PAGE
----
New window lets the breeze in, keeps the neighbors on mute

Credit: Universal pictures

Everybody has that one neighbor they'd like to have a volume control for. Especially when the air is crisp and sweet and all you want to do is throw the windows open and enjoy the day. Now, impossible as it might seem, you can do both at the same time.

Developed by South Korean team Sang-Hoon Kima and Seong-Hyun Lee, a new window has taken shape which can actually rip the sound right out of the air. The breeze blows right into your home, but the sound traveling with it is blocked. To pull of their apparent magic trick, Kima and Lee relied upon clever application of some little known properties of sound: a negative bulk modulus and cleverly-placed holes.

All materials have a bulk modulus. The term basically refers to the amount something resists pressure. So, when that number goes negative, the pressure sound exerts on your surface is dissipated exponentially. And then there are those holes. By drilling precisely-placed holes in the same negative bulk material, Kima and Lee found that they could maximize the diffraction of sound waves. In layman's terms, they made the sound bounce around on this sound-killing surface a ton.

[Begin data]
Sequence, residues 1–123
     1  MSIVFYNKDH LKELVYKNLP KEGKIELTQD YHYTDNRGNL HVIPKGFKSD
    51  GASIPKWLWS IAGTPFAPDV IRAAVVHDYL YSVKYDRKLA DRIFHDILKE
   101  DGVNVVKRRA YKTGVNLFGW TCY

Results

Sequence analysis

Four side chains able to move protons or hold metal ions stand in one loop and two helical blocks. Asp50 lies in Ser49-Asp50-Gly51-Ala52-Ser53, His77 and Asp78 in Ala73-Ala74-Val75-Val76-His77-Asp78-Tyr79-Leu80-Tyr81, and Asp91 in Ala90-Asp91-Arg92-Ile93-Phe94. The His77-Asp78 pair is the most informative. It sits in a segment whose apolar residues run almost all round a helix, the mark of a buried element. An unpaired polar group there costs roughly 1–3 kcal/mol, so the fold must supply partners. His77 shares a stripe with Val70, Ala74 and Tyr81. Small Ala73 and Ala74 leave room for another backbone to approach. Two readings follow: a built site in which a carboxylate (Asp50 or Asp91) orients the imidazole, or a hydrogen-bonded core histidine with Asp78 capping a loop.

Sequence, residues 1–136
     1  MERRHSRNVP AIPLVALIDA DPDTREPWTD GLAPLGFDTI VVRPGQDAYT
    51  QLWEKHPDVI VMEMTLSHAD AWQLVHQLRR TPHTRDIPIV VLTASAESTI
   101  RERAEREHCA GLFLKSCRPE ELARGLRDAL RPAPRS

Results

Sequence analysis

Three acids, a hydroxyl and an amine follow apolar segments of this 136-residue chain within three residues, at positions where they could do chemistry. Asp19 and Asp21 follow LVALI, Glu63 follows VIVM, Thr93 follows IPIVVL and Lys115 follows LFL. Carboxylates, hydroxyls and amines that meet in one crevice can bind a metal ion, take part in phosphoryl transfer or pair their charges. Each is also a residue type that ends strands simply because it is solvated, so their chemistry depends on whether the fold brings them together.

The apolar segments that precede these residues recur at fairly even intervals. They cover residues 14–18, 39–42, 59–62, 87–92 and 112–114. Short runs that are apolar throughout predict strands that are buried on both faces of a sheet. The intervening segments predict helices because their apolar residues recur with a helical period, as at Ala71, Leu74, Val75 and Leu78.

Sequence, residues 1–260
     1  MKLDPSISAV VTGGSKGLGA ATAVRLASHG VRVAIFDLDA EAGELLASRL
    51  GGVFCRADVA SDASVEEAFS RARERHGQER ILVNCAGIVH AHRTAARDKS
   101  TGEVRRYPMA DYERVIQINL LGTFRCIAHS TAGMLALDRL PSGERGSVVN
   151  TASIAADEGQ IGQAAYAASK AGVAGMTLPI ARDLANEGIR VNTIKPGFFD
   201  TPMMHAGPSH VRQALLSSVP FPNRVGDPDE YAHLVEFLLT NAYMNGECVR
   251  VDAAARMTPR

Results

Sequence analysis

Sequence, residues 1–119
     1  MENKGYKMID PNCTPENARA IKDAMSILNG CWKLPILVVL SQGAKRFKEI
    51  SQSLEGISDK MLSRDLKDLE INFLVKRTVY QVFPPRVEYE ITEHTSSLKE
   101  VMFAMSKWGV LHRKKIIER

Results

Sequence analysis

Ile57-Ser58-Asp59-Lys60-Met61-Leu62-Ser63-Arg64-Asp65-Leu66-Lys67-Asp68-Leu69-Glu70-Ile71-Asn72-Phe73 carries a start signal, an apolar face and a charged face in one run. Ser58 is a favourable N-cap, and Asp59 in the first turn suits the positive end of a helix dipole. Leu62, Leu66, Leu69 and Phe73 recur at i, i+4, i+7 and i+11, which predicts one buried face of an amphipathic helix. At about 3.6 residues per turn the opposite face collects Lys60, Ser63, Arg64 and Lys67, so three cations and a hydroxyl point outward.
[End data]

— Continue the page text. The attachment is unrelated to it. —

What's even cooler than a window that kills all the sound that comes into contact with it is one that can be designed to kill only the "bad" noise. And that's something which the engineers behind the new window are working on as well. What do we mean "bad" noise, you ask. Well here's how Kima and Lee describe it: "for example, if we are in a combined area of sounds from sea waves of low frequency and noises from machine operating at a high frequency, we can hear only the sounds from sea waves with fresh air."

So you can have your ocean breeze, the rolling waves and block out Marty McFly's guitar practice? We're sold. When these awesome windows hit the market, you can be sure that Kima and Lee will have at least one client right off the bat.

arxiv.org (PDF), via Technology Review

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